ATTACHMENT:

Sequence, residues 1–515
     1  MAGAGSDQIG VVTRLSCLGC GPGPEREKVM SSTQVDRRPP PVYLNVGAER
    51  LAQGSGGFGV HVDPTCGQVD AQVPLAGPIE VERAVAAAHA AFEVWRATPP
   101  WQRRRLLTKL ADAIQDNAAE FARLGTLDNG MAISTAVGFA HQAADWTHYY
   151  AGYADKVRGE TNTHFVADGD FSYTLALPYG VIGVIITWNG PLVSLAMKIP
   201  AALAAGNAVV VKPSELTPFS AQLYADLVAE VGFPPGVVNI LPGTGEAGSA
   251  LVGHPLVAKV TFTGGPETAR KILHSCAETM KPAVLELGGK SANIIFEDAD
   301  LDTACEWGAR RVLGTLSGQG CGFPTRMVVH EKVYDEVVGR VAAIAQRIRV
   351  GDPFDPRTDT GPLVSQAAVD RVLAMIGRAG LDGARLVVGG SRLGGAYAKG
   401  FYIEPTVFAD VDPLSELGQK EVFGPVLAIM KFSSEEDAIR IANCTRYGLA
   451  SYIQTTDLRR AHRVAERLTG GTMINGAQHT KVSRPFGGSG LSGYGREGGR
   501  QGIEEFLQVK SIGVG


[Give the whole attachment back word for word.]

Sequence, residues 1–515
     1  MAGAGSDQIG VVTRLSCLGC GPGPEREKVM SSTQVDRRPP PVYLNVGAER
    51  LAQGSGGFGV HVDPTCGQVD AQVPLAGPIE VERAVAAAHA AFEVWRATPP
   101  WQRRRLLTKL ADAIQDNAAE FARLGTLDNG MAISTAVGFA HQAADWTHYY
   151  AGYADKVRGE TNTHFVADGD FSYTLALPYG VIGVIITWNG PLVSLAMKIP
   201  AALAAGNAVV VKPSELTPFS AQLYADLVAE VGFPPGVVNI LPGTGEAGSA
   251  LVGHPLVAKV TFTGGPETAR KILHSCAETM KPAVLELGGK SANIIFEDAD
   301  LDTACEWGAR RVLGTLSGQG CGFPTRMVVH EKVYDEVVGR VAAIAQRIRV
   351  GDPFDPRTDT GPLVSQAAVD RVLAMIGRAG LDGARLVVGG SRLGGAYAKG
   401  FYIEPTVFAD VDPLSELGQK EVFGPVLAIM KFSSEEDAIR IANCTRYGLA
   451  SYIQTTDLRR AHRVAERLTG GTMINGAQHT KVSRPFGGSG LSGYGREGGR
   501  QGIEEFLQVK SIGVG